put on jeans and a check flannel shirt.
“I was starting to think you were never going to call.”
“I should have rung first, but I saw your light was on and came over on impulse.”
“I’ve seen the lights on all night at your place. And you’re often out walking after midnight. You’re a
Blomkvist shrugged. “It’s turned out that way.” He looked at several textbooks stacked on the edge of
the kitchen table. “Do you still teach?”
“No, as headmistress I don’t have time. But I used to teach history, religion, and social studies. And I
have a few years left.”
She smiled. “I’m fifty-six. I’ll be retiring soon.”
“You don’t look a day over fifty, more like in your forties.”
“Very flattering. How old are you?”
“Well, over forty,” Blomkvist said with a smile.
“And you were just twenty the other day. How fast it all goes. Life, that is.”
Cecilia Vanger served the coffee and asked if he was hungry. He said that he had already eaten, which
was partly true. He did not bother with cooking and ate only sandwiches. But he was not hungry.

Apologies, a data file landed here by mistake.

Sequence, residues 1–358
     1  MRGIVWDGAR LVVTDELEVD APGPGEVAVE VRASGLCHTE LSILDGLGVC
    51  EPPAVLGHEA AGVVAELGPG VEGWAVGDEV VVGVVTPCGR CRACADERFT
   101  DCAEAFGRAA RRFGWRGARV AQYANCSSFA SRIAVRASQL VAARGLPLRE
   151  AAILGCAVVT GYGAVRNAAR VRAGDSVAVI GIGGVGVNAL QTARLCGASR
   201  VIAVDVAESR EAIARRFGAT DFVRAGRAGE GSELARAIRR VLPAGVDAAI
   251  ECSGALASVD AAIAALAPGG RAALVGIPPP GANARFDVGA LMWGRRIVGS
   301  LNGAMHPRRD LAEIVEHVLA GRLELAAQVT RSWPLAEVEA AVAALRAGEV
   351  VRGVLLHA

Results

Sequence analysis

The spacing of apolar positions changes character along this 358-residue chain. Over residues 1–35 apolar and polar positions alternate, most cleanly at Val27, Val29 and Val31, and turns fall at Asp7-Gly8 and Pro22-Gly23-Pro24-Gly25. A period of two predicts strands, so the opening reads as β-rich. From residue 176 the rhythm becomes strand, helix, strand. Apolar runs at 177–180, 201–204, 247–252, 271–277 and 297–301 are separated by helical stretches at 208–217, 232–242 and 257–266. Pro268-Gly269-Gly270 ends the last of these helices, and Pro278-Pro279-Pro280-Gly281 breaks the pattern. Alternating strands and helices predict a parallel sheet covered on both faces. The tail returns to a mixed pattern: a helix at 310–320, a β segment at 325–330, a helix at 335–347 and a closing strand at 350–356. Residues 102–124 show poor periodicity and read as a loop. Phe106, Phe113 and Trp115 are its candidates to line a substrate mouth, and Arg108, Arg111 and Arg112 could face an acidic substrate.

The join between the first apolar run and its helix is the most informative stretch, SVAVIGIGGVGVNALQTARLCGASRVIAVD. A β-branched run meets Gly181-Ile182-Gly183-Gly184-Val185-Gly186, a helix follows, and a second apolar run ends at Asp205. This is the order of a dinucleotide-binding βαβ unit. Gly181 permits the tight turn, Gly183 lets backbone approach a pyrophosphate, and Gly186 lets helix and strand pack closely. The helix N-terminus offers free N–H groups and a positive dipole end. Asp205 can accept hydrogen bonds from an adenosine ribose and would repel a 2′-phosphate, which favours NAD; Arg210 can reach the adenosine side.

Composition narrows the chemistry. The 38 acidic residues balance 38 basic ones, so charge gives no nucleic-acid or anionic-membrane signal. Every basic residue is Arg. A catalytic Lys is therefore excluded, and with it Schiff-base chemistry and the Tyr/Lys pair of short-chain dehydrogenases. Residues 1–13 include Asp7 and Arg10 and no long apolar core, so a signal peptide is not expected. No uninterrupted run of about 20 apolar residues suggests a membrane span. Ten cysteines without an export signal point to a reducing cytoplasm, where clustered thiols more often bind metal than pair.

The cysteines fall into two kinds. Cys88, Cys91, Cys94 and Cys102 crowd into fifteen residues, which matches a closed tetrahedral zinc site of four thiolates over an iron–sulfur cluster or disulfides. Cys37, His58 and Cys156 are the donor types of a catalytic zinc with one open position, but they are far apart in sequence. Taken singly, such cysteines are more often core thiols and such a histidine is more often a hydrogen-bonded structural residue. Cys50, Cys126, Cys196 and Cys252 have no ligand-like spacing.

“Then why did you come over? Is it time to ask me those questions?”
“To be honest . . . I didn’t come over to ask questions. I think I just wanted to say hello.”
She smiled. “You’re sentenced to prison, you move to Hedeby, clamber through all the material of Henrik’s favourite hobby, you don’t sleep at night and take long nighttime walks when it’s freezing cold . .
. Have I left anything out?”
“My life is going to the dogs.”
“Who was that woman visiting you over the weekend?”
“Erika . . . She’s the editor in chief of Millennium.”
“Not exactly. She’s married. I’m more a friend and occasional lover.”
Cecilia Vanger hooted with laughter.
“What’s so funny?”
“The way you said that. Occasional lover. I like the expression.”
Blomkvist took a liking to Cecilia Vanger.
“I could use an occasional lover myself,” she said.
She kicked off her slippers and propped one foot on his knee. Blomkvist automatically put his hand on
her foot and stroked the ankle. He hesitated for a second—he could sense he was getting into unexpected
waters. But tentatively he started massaging the sole of her foot with his thumb.